From advertisers being urged by their procurement specialists to police their costs more effectively, to TAG Worldwide's extension of its business beyond reprographics and into TV post-production, the warnings were plain enough for those willing to heed them. But not nearly enough agencies seem to have done so. And those that did seem to view what's happening as no more than cynical cost-cutting by clients. A deeper investigation suggests this isn't the case.
What is becoming clear is that significant numbers of clients are looking to production companies rather than agencies to create ideas, and then to execute them across a multitude of media channels. And as more advertisers begin producing their own programming, their relationship with the production industry is set to get stronger. Indeed, a senior manager at a major UK production company says he is advising a multinational company that is commissioning 90 commercials a year on how its advertising could be just as effective by making fewer, but better quality, films.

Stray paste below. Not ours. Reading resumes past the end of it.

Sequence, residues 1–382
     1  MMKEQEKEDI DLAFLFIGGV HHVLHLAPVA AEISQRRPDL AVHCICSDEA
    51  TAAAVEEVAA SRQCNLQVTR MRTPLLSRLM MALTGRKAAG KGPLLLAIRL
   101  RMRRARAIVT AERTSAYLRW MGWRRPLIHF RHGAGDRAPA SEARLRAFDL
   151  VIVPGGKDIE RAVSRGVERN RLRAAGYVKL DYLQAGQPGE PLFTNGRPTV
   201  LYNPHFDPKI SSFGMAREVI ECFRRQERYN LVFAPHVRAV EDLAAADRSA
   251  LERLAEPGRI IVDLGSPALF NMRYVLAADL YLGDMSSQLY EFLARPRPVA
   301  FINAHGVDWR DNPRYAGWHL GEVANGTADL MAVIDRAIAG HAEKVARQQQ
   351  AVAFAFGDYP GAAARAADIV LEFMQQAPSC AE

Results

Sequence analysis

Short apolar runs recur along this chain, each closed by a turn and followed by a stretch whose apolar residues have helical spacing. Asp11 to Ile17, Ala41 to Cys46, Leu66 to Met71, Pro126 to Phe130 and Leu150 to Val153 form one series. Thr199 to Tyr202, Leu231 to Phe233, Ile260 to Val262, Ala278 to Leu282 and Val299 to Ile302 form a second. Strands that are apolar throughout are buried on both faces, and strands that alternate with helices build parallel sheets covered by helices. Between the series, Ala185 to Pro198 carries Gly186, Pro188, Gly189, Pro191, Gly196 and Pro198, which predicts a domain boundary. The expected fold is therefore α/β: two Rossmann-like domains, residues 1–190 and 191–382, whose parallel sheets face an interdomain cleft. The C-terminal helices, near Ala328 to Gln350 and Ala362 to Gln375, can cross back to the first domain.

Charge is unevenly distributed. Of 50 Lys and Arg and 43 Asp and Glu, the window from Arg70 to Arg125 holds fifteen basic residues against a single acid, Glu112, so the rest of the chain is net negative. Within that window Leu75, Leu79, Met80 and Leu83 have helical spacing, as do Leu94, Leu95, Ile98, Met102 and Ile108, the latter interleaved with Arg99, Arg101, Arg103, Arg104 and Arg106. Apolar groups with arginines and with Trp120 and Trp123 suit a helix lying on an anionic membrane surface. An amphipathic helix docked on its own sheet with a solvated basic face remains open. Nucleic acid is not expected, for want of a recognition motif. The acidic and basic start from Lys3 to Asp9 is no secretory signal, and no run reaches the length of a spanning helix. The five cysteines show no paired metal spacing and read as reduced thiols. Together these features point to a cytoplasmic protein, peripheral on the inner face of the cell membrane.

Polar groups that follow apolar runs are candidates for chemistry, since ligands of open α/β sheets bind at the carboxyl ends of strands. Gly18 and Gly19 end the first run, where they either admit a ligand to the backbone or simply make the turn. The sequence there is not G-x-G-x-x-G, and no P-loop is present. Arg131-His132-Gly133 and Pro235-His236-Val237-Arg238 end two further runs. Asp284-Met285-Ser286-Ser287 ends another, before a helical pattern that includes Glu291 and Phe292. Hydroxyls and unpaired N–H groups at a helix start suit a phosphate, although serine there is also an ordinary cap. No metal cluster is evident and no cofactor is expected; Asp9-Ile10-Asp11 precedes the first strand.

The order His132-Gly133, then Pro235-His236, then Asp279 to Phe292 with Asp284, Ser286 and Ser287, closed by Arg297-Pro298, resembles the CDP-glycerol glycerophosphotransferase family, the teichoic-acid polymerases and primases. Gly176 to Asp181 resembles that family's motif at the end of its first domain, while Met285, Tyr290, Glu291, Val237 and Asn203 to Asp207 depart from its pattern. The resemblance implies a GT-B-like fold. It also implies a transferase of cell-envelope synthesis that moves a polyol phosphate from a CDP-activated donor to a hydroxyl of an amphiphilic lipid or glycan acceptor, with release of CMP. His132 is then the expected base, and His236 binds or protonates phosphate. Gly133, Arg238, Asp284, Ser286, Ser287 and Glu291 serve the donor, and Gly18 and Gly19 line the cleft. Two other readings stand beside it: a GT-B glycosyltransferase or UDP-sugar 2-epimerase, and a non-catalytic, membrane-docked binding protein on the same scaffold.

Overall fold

Hang on a moment. Isn't this what agency TV departments have always done? Well, yes. The trouble is that many have downsized, leaving staff of insufficient calibre and experience to win clients' confidence and trust.
Nobody is suggesting production companies are about to morph into a new model of agency, filling the void being left by traditional shops. Broadcast production is too much of a complex and collaborative process for change to happen overnight. Not even ISBA, which recently called a meeting of its members to discuss decoupling, sees it as a panacea.
Nevertheless, the implications are clear. If agencies can't stop the decoupling trend, they must hire the talent to protect their status as strategic thinkers. But they won't be able to do this if clients neglect them in their rush to save money.